We chose four people to come up to the table by the stage and eat Eleanor’s meal.  They were picked randomly — we turned our backs and threw tomatoes into the audience, like tossing a bridal bouquet at a wedding.  The tomatoes didn’t survive well, but the people who caught them were thrilled.  After dinner, they also got Eleanor’s latest dessert creation: lemon sorbet with mint syrup, blackberries, and chocolate pizzelles.  Eleanor discovered that they fly like frisbees so she spun a few out to the crowd at the end.  The extra pork medallions were cut up into samples, and plated with a little rice and salad, so that a dozen or more people in the audience could taste the meal too.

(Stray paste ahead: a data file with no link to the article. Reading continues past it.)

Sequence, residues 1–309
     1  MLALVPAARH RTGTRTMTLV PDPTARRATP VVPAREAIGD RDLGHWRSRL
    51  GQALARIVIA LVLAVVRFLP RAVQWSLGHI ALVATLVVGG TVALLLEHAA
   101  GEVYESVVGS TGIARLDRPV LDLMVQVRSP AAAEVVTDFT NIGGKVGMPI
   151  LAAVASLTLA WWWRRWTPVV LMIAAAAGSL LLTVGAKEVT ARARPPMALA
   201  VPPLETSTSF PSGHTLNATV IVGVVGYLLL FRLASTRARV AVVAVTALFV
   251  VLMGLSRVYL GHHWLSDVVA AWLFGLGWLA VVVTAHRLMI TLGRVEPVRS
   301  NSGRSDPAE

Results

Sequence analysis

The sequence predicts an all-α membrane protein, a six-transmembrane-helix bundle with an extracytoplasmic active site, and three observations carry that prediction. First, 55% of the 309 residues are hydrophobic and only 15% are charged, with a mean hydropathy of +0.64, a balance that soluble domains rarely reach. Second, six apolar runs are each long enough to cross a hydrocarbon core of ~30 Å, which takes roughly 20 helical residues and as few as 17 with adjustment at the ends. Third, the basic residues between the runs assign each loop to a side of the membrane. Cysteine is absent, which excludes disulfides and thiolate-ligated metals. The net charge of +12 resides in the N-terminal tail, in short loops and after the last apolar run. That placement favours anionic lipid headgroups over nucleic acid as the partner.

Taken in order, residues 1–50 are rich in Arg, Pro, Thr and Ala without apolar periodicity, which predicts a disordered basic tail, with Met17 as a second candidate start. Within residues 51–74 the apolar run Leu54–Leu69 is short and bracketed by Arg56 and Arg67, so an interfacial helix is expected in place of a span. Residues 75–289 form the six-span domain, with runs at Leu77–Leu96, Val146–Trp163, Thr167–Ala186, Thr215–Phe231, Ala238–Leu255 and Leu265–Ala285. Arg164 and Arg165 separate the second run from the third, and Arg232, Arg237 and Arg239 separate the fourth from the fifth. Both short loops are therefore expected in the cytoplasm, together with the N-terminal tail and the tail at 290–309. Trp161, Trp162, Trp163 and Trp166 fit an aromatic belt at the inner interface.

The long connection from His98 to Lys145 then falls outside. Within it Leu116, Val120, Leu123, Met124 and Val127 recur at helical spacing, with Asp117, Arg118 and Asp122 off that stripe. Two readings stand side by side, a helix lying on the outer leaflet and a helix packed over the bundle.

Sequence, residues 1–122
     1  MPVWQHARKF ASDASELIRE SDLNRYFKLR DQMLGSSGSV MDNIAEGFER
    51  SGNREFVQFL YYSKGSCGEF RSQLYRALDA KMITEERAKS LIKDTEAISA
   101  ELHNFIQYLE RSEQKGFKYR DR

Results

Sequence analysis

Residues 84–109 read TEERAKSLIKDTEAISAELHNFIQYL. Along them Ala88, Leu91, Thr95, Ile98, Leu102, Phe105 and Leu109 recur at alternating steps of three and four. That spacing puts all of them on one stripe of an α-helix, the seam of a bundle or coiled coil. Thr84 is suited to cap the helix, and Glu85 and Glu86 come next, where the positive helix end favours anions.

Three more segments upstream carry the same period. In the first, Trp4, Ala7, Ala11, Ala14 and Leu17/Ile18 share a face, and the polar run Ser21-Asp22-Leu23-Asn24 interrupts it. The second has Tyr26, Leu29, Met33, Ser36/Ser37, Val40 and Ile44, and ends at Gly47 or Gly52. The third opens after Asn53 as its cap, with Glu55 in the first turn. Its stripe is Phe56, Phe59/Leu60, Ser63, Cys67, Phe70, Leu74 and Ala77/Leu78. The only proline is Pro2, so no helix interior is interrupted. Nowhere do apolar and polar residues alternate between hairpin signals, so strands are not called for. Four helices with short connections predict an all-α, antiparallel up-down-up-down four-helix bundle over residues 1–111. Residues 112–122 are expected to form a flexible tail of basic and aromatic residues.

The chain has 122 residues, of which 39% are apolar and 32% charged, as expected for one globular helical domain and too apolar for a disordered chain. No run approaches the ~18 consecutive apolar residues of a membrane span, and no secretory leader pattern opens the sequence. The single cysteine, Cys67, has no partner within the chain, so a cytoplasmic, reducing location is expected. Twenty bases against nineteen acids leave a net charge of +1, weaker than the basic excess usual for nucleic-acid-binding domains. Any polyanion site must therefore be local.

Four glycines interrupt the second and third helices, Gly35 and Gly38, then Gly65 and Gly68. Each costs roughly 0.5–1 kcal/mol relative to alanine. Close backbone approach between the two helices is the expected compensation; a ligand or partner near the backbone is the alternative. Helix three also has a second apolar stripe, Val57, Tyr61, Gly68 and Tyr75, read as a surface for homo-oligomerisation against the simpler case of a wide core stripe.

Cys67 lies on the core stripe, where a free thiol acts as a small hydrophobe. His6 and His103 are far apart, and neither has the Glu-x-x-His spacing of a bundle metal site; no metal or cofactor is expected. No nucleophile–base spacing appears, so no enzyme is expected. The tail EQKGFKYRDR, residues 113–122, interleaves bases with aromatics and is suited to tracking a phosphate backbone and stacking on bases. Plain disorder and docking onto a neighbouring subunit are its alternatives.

The final surprise was when she was done cooking.  She stripped off her chef whites and presented herself as ready to share the meal she’d made.  It was, in every way, a huge success and we are going to do it again next year with a completely new meal.

During the day we’d had Open House, and David Winick roamed the grounds to select a winner for “Best Open House Presentation.” He ultimately chose Hunter Hampton’s trailer, so she is now the (very) proud owner of an Airstream Life “Wally” award.  She told me:  “It doesn’t go with my decor at all, but I’m hanging it in the trailer anyway!”